The National Transportation Safety Board has removed UPS Airlines and its pilots union from the investigation of the cargo carrier’s August 2013 plane crash in Birmingham.
The NTSB said UPS and the Independent Pilots Association took actions that were “prejudicial to the investigation by publicly commenting on and providing their own analysis of the investigation prior to the NTSB’s public meeting to determine the probable cause of the accident.”
The pilots union issued a press release earlier this month calling for an end to a “carve-out” for all-cargo operators from pilot rest rules, mentioning the August 2013 crash and the role of fatigue. The NTSB said it was not consulted before the union issued the press release, nor before UPS posted comments in response with its own analysis.
That violated terms of an agreement the company and union signed at the start of the investigation, according to the NTSB. The board added that information from one party could reflect a bias, which can make others less willing to engage in the process and undercut the investigation.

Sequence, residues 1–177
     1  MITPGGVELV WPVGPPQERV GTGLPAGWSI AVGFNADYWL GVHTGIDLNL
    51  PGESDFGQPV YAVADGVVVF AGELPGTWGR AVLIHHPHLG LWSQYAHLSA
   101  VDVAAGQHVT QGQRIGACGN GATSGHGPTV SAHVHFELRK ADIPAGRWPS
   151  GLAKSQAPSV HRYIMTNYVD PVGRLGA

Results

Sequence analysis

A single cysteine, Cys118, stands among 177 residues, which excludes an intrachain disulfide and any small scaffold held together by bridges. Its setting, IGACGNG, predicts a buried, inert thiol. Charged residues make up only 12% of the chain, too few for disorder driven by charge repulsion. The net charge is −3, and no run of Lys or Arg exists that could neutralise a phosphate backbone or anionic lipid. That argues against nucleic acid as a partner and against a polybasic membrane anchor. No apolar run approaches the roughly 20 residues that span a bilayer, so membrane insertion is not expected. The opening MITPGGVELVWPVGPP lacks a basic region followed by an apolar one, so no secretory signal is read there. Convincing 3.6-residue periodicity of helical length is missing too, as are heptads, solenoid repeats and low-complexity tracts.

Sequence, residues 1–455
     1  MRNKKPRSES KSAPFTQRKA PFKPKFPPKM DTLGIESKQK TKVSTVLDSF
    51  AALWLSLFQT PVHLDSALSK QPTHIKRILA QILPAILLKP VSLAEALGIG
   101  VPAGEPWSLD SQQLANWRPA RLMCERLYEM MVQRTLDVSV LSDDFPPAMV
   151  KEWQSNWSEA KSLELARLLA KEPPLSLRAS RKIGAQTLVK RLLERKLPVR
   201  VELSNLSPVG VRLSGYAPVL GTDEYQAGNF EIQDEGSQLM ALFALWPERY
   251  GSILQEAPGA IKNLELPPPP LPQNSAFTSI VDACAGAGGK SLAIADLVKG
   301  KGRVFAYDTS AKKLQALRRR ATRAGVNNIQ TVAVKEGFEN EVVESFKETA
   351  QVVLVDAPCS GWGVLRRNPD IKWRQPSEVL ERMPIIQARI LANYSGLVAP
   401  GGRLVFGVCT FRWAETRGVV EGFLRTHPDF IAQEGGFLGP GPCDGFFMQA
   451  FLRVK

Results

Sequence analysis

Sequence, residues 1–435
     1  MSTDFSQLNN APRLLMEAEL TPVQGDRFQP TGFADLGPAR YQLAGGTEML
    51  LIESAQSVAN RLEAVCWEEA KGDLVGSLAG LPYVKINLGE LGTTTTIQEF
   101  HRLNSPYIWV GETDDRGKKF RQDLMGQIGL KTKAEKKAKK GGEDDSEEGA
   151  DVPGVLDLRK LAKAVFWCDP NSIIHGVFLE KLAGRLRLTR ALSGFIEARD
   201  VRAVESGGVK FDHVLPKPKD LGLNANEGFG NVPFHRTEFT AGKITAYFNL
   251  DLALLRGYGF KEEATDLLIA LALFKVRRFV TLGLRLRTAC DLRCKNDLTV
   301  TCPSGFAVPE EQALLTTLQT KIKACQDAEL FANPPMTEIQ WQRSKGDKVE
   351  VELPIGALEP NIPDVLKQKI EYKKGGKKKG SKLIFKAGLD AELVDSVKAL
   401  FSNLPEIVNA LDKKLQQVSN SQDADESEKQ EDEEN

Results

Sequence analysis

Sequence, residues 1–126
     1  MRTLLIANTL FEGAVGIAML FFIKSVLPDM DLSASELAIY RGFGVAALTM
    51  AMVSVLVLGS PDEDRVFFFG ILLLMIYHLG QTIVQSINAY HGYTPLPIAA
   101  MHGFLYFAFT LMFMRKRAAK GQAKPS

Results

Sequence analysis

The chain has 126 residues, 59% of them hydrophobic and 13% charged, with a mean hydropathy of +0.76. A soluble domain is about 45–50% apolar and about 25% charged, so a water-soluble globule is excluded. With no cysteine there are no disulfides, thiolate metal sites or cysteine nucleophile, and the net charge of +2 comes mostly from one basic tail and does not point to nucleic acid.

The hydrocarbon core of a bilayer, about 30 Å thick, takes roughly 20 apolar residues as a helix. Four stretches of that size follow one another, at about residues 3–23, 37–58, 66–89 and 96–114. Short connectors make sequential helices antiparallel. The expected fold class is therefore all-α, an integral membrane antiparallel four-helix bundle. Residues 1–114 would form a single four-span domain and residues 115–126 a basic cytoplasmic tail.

“It doesn’t matter who started it,” said acting NTSB chairman Christopher Hart in a written statement. “Neither action is acceptable.”
The pilots union declined to comment on the NTSB’s press release.
UPS issued a statement Monday saying it was “surprised and disappointed” to learn of the NTSB’s decision, adding that it had limited its discussion to facts released by the investigation.
“We believe we have been unfairly reprimanded for attempting to set the facts straight and defending our brand,” UPS Airlines spokesman Mike Mangeot said in a written statement.